PROVIDENCE, R.I. (WPRI) — Despite vaccination rates for kindergartens declining nationwide since the coronavirus pandemic, rates have held relatively steady in Rhode Island.

The U.S. Centers for Disease Control and Prevention requires all states to report kindergarten vaccination rates, as that’s typically when most children enter the school system and are required to get vaccines for ailments including measles, mumps and rubella. And most health officials said the preventative medicine is paramount to ensuring good health across age groups.

“We are very lucky to live in this day and age to have vaccines to protect us against so many different things,” Lifespan pediatrician Dr. Elizabeth Lange told Target 12.

But there’s been a slight downtick in kindergarten vaccination rates nationwide since the pandemic, as the topic became hotly contested and a point of mass debate during the rollout of COVID-19 vaccines.

According to data from the CDC, vaccination rates for kindergarteners has typically hovered between 94% and 95% across the country. but in the 2021-2022 school year the rate declined to 93%. Lange said the pandemic is likely a cause.

“Since the pandemic a lot of people have questioned science more and questioned medicine more and that’s ok — those are good conversations to have,” Lange said.

But it’s a different story in Rhode Island.

According to data from the R.I. Department of Health, public and charter school vaccination rates for kindergarten have remained relatively steady since the pandemic with more than 95% of children being vaccinated.

Rhode Island also had the highest kindergarten vaccination rate for the measles, mumps and rubella in New England in 2022.

Lange said families who decide not to get their children vaccinated run the risk of experiencing an outbreak of certain illnesses.

“We have seen in the news that there are measles outbreaks across the country when there are pockets of people who are unimmunized,” she explained.

Some families choose to opt out of getting their child vaccinated, citing health or religious exemptions, the latter of which has also become more common in some areas since the pandemic.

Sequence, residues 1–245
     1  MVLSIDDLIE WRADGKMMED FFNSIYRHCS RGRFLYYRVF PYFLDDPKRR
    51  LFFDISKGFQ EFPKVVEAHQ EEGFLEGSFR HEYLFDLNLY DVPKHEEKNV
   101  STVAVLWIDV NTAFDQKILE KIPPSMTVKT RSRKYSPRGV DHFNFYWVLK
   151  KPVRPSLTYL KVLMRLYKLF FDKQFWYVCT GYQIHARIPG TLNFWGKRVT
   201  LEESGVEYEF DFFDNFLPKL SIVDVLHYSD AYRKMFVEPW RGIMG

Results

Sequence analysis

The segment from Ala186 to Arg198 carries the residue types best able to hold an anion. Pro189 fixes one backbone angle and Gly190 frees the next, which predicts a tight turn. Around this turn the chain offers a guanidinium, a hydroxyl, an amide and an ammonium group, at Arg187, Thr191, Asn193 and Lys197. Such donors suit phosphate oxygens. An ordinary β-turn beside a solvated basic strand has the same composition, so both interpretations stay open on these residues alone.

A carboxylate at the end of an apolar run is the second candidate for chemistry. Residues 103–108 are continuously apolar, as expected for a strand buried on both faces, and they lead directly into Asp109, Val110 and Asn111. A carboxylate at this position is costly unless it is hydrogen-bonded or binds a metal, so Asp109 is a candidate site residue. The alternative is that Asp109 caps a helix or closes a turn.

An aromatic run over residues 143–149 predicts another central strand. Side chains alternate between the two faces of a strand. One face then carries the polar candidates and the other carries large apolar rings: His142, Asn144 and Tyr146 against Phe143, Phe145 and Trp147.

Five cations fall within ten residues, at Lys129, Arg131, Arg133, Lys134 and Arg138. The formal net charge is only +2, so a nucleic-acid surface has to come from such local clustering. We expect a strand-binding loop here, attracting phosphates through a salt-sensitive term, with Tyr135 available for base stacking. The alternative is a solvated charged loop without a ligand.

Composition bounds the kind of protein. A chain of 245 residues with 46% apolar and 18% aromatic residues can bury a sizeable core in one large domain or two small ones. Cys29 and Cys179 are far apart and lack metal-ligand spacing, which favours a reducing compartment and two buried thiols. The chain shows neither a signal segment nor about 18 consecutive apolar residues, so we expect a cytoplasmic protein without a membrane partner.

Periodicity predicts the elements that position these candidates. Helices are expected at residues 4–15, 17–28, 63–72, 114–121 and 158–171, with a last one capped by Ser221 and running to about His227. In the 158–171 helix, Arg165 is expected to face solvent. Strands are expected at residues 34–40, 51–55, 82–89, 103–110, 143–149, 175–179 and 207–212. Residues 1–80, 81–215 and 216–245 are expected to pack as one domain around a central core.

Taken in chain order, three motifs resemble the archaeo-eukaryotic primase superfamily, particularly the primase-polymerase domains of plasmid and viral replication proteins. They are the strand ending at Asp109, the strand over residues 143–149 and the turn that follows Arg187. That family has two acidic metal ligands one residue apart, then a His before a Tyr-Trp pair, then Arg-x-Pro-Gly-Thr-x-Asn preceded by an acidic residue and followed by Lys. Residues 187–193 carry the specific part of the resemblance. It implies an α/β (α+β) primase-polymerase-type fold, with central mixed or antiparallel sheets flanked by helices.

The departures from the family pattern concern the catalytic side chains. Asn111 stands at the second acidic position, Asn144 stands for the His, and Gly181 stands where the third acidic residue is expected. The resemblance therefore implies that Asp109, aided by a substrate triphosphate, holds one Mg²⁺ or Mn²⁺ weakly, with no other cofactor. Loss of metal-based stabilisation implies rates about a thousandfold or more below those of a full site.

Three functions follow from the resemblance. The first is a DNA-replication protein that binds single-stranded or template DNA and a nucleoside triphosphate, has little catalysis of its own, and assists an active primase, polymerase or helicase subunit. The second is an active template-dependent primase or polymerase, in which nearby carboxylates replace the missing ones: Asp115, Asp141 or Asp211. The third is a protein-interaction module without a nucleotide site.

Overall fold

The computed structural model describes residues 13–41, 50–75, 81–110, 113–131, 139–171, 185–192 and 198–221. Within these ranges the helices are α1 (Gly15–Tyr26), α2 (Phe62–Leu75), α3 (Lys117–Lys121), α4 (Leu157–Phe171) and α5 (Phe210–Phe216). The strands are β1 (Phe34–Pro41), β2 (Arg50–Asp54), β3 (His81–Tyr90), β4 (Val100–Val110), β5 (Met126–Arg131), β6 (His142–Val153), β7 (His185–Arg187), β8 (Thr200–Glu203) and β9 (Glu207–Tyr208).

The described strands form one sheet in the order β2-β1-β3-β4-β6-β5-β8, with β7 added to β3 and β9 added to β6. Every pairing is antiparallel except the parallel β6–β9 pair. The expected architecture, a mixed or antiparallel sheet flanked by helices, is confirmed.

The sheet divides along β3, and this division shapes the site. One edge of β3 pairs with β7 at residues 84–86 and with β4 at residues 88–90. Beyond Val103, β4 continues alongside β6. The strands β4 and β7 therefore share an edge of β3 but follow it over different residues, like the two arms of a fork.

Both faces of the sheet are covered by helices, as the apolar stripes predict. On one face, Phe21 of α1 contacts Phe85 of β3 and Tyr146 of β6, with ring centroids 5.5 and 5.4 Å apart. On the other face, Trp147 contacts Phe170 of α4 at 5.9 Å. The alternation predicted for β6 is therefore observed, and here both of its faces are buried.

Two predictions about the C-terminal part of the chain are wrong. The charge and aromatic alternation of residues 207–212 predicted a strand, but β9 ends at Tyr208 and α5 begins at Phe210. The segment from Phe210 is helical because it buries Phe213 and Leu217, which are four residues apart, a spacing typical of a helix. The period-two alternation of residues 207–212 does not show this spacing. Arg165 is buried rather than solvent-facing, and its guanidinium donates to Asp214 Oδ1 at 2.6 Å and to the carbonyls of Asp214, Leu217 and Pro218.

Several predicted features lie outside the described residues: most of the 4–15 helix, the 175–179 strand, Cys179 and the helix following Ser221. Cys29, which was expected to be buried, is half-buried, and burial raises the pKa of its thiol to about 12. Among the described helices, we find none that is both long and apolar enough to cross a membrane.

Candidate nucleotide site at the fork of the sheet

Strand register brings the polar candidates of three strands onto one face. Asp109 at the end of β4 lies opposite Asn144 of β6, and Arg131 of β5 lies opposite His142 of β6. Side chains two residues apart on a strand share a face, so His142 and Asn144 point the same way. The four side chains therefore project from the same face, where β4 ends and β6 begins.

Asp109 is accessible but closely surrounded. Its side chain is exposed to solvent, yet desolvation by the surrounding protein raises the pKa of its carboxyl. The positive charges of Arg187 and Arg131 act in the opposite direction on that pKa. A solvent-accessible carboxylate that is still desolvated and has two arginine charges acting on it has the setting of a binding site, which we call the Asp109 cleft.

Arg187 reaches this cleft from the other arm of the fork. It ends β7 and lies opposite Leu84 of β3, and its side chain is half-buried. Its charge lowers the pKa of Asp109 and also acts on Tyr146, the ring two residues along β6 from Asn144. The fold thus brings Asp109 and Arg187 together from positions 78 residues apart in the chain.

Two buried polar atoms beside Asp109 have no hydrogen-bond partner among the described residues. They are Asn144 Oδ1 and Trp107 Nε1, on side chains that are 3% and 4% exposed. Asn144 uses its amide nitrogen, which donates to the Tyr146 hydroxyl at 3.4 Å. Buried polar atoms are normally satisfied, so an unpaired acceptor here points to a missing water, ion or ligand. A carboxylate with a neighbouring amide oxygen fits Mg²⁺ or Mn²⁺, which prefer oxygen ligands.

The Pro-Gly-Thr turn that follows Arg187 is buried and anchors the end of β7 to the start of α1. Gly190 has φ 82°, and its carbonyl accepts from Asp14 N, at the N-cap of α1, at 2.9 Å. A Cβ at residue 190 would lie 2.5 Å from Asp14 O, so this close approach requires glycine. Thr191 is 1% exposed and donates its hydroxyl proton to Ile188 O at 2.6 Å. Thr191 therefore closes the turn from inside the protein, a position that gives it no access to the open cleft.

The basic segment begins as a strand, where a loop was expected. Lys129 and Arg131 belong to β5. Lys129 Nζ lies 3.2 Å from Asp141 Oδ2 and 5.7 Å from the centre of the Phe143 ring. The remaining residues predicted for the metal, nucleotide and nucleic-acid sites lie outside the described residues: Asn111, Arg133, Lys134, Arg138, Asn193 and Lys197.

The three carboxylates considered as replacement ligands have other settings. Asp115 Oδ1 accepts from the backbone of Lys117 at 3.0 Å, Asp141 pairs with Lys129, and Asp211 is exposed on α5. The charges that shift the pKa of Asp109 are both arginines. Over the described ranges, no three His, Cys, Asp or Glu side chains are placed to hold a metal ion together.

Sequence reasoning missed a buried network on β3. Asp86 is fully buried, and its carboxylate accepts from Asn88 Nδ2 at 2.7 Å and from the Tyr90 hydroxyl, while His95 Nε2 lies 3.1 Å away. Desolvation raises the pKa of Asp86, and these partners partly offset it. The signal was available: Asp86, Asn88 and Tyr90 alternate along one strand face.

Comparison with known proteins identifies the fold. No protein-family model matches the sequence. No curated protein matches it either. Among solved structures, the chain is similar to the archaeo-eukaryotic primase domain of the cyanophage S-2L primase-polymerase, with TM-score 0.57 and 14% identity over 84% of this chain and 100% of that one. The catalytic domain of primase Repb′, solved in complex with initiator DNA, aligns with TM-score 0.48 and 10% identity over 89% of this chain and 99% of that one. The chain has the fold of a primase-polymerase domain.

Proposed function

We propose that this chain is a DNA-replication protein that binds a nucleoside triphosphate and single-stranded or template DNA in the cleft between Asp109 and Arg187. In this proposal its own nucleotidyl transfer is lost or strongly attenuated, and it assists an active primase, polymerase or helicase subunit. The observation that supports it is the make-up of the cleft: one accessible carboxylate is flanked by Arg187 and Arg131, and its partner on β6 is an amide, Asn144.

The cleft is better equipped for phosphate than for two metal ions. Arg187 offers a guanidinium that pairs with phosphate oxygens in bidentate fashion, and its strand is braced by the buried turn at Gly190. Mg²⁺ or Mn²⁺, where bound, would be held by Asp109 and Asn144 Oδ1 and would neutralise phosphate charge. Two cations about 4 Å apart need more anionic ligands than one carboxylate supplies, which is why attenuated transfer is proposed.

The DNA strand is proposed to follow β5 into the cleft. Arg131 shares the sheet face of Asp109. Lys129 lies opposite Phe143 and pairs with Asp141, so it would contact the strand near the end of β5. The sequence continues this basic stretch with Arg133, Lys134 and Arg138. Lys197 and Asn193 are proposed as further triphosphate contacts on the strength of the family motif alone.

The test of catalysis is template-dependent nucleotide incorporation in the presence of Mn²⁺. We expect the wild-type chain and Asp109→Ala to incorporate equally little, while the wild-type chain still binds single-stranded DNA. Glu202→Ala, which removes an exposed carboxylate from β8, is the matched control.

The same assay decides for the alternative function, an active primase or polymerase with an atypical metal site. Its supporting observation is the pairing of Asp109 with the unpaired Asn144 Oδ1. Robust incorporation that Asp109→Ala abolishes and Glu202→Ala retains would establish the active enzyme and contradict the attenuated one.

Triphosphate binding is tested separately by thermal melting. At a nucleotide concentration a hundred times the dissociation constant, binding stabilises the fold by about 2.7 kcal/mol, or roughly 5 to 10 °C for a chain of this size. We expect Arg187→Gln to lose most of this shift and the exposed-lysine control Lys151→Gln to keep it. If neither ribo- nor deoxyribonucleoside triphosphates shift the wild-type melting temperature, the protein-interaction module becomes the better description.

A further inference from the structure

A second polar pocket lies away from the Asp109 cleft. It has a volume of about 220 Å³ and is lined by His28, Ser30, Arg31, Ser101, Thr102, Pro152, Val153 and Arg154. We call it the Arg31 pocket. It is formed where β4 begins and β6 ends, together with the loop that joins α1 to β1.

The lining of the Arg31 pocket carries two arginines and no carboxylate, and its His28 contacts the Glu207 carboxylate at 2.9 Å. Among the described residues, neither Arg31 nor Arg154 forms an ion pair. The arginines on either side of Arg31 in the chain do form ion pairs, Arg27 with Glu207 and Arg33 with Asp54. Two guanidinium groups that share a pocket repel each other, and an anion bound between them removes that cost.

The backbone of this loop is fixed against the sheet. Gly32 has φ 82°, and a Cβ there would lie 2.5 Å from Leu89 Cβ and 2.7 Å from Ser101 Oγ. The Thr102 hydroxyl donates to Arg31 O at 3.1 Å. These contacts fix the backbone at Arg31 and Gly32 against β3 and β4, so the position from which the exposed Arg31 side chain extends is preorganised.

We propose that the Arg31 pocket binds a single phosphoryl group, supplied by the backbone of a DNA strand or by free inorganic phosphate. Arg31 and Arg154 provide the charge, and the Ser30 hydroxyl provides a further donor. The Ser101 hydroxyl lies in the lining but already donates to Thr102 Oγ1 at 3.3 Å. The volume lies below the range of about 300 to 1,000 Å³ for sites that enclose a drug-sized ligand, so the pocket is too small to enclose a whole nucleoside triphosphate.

Lange said health exemptions are rare since a child needs to have a specific medical condition to make a child ineligible to get a vaccine. And the circumstances are limited.

“It could be that child is undergoing cancer treatment and their immune system is compromised because of that cancer treatment or the child has developed an allergic reaction to that vaccine,” Lange said.

Religious exemptions, however, are a different story and have become slightly more popular in recent years. There has been a minor increase in religious exemptions in public schools since 2020, and a slightly larger increase in private schools.

In the 2020-2021 school year, 1.4% of private students had a religious exemption. That grew to 2.5% in the 2022-2023 school year, according to health officials.

Deborah O’Leary, whose son is in his late 20’s, said she believes her son became sick when he was younger from vaccines. She told Target 12 she is not an anti-vaxxer, but she wants families to do their research and make decisions that are best for their loved ones.

“Ask a lot of questions like, ‘What’s in this vaccine besides the antigens’ — the active ingredient that gives you the immunity,” she said. “Ask if you can spread them out, ask if your doctor has seen a child have an adverse event.”

Lange advises families to consult their doctor before making any decisions.

Sarah Guernelli ( is the consumer investigative reporter for 12 News. Connect with her on Twitter and on Facebook.